Skip Navigation
Regional News
The Locks. Photo: Jennifer McCluskey
The Locks. Photo: Jennifer McCluskey

Five-statistician family writes improbable textbook

Listen to this story
Statistics isn't exactly the sexiest subject in school--for people who aren't mathematically inclined, taking a statistics class usually means doing a lot of equations that don't seem to have any relevance to your life, and then then forgetting everything you learned almost immediately.

Now, a family of statisticians has written a new text book that's looking to change that reputation, by teaching statistics in a different way.

Patti Fraser Lock and her husband, Robin Lock, are both professors at St. Lawrence University--and their three grown children are also statisticians. Their book is called "Statistics: Unlocking the Power of Data"--A little nod to the five co-authors. It focuses on how statistics plays out in real life situations, not just on paper.

The five Locks wrote the book over a few years, including a summer spent working in the family home in Hannawa Falls. Nora Flaherty asked Patti Lock what it was like having all her kids back home and working together.

Hear this

Download audio

Share this


Explore this

Reported by

Nora Flaherty
Digital Editor, News

Story location

News near this location

***

The book is out November 7, and available for pre-order from <a href="http://www.amazon.com/Statistics-Unlocking-Robin-H-Lock/dp/0470601876/ref=sr_1_1?ie=UTF8&qid=1351618788&sr=8-1&keywords=unlocking+the+power+of+data">Amazon.com</a>.
The book is out November 7, and available for pre-order from Amazon.com.
It was fantastic! We get along, we've always gotten along even during the teenage years we've all gotten along exceptionally well. They like each other a lot, which helps enormously, and we have a big enough house that we could spread out, and it worked great, it worked just great.

When we spoke before, you mentioned using the example of mosquitoes and beer to explain statistsics. Can you tell me what that means?

One of the funnest parts about the project, and one of the things that's been really helpful to have five of us working on it, is just searching all the time for fun data sets. We really want the students to care about the results of the experiments as well as learning about the statistical processes.

So one of the studies we found…is about whether drinking beer attracts mosquitoes. It was actually a well done randomized experiment, there were some beer drinkers and some water drinkers, and they counted the mosquitoes that approached them, and they found that more mosquitoes approached the beer drinkers. So you look at that and in fact it was an average of four more mosquitoes approaching the beer drinkers, and it's hard to process that, we don't know if four more mosquitoes tell us that the beer is causing that, or whether that's just random.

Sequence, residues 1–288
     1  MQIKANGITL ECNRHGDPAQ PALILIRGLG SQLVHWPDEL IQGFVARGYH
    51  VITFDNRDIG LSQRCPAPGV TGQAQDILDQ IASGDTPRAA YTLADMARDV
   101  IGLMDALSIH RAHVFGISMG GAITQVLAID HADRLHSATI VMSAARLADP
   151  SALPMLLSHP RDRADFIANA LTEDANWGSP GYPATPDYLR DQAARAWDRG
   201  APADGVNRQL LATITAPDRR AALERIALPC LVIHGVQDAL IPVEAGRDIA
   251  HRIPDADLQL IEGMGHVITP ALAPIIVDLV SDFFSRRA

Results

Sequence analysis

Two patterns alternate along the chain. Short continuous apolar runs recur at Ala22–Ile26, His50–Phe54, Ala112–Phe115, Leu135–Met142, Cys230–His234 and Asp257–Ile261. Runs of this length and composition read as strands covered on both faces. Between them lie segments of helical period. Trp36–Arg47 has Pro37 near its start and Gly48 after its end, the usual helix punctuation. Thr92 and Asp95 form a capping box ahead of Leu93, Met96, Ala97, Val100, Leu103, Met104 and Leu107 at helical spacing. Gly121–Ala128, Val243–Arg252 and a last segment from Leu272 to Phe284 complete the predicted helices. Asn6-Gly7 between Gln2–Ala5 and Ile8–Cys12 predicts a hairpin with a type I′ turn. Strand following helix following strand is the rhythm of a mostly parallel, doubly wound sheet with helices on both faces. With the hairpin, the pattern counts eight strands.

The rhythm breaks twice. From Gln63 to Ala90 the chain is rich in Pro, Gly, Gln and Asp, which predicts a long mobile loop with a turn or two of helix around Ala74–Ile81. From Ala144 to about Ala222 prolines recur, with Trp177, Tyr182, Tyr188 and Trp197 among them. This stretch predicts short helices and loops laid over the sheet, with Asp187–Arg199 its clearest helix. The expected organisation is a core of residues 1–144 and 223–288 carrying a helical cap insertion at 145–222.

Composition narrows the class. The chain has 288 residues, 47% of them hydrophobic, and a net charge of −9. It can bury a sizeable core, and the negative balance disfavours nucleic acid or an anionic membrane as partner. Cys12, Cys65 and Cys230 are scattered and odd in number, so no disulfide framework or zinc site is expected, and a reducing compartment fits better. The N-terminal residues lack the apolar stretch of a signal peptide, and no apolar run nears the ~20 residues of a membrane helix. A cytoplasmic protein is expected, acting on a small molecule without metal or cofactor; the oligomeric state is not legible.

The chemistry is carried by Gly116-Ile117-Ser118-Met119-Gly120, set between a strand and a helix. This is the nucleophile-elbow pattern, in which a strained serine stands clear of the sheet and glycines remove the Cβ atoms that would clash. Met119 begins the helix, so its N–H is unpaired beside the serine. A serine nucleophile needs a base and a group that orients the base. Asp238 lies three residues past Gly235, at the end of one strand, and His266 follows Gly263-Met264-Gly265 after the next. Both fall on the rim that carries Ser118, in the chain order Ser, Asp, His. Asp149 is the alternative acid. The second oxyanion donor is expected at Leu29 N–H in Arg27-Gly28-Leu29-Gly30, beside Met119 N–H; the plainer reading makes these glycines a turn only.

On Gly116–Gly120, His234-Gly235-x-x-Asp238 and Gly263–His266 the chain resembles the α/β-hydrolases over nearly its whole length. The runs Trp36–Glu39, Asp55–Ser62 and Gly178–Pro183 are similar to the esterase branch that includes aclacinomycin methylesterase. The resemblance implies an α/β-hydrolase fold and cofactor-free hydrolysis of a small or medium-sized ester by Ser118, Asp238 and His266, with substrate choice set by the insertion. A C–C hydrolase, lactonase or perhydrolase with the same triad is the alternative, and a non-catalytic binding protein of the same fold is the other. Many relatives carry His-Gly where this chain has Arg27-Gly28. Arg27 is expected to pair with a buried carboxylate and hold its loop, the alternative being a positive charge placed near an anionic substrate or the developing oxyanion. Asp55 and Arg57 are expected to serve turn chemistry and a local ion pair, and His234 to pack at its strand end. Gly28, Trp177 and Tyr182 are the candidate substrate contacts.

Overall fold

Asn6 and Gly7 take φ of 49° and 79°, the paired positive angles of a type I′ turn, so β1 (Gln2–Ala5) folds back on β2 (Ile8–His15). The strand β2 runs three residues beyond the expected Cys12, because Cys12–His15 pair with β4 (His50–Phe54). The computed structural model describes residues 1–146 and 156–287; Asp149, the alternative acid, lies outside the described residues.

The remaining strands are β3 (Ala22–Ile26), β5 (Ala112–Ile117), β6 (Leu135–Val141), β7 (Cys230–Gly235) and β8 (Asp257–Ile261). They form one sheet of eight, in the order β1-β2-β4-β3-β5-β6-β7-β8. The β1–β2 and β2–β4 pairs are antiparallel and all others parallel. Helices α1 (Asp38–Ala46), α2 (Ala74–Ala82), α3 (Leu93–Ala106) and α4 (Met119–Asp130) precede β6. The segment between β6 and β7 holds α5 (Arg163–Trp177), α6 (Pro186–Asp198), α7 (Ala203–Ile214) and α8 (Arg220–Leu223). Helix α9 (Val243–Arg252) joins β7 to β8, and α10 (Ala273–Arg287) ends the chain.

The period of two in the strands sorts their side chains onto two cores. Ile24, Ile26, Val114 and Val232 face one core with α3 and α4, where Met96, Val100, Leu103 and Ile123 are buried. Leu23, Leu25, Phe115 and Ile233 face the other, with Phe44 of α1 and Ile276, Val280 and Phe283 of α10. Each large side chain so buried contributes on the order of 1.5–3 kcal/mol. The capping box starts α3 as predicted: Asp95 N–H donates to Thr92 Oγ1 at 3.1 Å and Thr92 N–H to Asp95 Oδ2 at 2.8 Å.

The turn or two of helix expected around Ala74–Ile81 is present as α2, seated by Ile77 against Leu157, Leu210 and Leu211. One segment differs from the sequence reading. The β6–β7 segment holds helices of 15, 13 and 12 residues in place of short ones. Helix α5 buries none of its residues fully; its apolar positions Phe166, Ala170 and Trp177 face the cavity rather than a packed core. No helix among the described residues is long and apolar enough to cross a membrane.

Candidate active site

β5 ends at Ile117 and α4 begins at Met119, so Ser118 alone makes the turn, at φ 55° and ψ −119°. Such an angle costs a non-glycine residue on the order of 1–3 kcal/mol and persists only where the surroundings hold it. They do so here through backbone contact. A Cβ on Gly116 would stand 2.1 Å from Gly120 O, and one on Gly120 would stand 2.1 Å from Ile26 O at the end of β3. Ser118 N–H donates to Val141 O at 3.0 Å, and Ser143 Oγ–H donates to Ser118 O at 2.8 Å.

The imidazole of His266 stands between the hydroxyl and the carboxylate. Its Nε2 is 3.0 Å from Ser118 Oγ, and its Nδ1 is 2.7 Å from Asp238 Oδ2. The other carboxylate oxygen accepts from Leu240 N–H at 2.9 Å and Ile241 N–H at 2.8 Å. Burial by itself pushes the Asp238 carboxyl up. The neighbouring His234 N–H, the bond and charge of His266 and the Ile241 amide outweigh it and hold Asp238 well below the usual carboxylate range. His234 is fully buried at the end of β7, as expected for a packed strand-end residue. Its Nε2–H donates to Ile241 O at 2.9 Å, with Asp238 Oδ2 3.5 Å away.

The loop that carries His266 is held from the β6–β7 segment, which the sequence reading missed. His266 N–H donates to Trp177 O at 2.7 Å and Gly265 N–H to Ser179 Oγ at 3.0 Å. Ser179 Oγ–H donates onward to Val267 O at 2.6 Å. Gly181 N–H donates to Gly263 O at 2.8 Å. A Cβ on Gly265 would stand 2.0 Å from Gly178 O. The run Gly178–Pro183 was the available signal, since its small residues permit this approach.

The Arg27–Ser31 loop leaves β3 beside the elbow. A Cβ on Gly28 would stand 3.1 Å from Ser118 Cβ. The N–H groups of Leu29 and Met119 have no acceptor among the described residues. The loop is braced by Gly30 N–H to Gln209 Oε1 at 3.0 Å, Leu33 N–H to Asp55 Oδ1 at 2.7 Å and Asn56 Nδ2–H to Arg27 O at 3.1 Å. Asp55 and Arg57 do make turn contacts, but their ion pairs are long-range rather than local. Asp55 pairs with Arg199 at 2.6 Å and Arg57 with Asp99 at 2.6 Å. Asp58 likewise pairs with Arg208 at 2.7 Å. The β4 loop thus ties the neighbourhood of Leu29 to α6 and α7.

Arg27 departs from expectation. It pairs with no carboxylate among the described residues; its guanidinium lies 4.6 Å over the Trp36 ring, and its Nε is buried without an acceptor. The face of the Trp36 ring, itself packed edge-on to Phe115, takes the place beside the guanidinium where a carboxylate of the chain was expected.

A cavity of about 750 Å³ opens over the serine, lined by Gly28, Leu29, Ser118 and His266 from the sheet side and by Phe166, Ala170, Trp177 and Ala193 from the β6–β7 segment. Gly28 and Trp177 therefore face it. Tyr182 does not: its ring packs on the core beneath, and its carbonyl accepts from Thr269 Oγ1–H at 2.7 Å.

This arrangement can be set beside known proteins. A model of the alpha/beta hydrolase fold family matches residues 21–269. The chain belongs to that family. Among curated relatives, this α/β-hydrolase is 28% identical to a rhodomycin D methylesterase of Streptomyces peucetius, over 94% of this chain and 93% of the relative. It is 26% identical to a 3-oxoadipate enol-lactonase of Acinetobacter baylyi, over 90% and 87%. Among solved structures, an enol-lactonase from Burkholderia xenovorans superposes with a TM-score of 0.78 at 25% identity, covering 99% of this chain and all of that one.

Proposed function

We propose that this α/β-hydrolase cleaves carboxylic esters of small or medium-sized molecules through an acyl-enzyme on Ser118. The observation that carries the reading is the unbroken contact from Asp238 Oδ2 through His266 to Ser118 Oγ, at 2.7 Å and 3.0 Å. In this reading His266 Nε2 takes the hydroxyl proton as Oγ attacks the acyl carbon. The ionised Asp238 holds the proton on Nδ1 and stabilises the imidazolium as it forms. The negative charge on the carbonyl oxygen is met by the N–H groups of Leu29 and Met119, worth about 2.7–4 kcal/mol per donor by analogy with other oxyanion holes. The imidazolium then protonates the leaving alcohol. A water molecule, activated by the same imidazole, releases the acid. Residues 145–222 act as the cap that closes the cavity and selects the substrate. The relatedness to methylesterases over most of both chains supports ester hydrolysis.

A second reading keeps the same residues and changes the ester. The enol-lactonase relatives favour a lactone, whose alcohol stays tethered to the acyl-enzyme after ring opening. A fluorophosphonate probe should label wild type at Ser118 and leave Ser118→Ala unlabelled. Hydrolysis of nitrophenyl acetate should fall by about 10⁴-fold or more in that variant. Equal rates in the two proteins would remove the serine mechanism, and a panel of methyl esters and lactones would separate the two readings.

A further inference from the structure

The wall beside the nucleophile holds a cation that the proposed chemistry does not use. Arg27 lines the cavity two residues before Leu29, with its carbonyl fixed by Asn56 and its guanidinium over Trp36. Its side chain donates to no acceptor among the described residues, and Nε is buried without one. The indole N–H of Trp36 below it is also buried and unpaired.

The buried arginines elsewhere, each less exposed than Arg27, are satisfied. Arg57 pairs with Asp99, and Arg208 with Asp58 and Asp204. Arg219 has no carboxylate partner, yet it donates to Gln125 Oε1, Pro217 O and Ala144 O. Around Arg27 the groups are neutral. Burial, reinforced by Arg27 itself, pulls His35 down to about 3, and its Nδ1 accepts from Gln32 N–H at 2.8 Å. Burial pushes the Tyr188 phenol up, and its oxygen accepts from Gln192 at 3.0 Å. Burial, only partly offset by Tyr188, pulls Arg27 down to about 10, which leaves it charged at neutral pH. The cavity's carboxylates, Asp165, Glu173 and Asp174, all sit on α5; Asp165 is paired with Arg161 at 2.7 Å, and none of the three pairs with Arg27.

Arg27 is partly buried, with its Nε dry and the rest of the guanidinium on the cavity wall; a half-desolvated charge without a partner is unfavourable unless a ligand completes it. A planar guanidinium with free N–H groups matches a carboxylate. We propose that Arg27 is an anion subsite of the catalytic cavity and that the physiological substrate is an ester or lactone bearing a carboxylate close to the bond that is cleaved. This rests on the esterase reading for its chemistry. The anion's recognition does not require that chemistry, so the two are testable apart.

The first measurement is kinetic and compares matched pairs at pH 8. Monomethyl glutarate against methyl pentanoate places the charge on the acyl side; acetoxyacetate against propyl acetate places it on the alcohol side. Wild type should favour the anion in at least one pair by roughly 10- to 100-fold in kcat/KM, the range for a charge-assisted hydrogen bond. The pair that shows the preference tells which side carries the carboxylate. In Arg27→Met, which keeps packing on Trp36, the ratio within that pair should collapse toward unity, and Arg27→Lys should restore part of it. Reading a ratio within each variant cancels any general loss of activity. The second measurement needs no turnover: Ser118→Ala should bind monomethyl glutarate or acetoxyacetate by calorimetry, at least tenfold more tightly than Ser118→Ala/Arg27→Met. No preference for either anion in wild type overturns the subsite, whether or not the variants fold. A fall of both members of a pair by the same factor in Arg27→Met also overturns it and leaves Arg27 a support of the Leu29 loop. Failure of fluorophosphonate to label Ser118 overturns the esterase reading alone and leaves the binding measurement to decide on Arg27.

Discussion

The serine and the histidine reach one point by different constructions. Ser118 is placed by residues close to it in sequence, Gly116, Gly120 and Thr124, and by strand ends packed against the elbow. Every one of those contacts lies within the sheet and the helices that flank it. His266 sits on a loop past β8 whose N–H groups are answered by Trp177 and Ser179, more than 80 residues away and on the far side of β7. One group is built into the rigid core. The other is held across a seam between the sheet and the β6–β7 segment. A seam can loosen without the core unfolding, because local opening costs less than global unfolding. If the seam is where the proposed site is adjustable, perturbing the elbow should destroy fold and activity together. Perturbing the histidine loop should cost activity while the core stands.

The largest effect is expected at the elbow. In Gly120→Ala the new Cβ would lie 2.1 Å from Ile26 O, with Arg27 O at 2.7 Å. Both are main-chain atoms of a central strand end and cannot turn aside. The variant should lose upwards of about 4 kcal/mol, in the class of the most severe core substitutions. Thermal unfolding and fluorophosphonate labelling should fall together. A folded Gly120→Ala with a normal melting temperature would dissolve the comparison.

And what we found out [is] that beer in fact does attract mosquitoes.
So what we do is we pool together all of the numbers of mosquitoes for the beer and the water drinkers, and then we deal them out…assuming there's no difference between the beer and the water. And what we found out when we did that is that almost none of those random simulations were as far apart as four mosquitoes, which tells us that there is something going on, and so you just learned that beer in fact does attract mosquitoes.

Can you tell me about some of the other data sets you used in this book? You seem excited about them.

 Oh, absolutely. We have another unfortunately alcohol-related one, does sexual frustration increase interest in alcohol. It turns out that's absolutely true, the study was done on fruit flies, not humans, and fruit flies were either given many mating opportunities or none, and then put in a place where they had access to alcohol, and it turned out the ones who had the opportunity to mate frequently didn't really care about the alcohol, and the ones who'd been sexually frustrated for several days went at the alcohol like crazy.

We also learned that crows and pigeons…recognize people's faces and remember them. So if someone for example traps a crow, they're labeled a bad guy, the crows communicate to other crows that this is a bad person.  And even two years later and even a full kilometer away, crows will scold this person when he is around. So crows remember faces.

Visitor comments

on:

NCPR is supported by:

This is a Visitor-Supported website.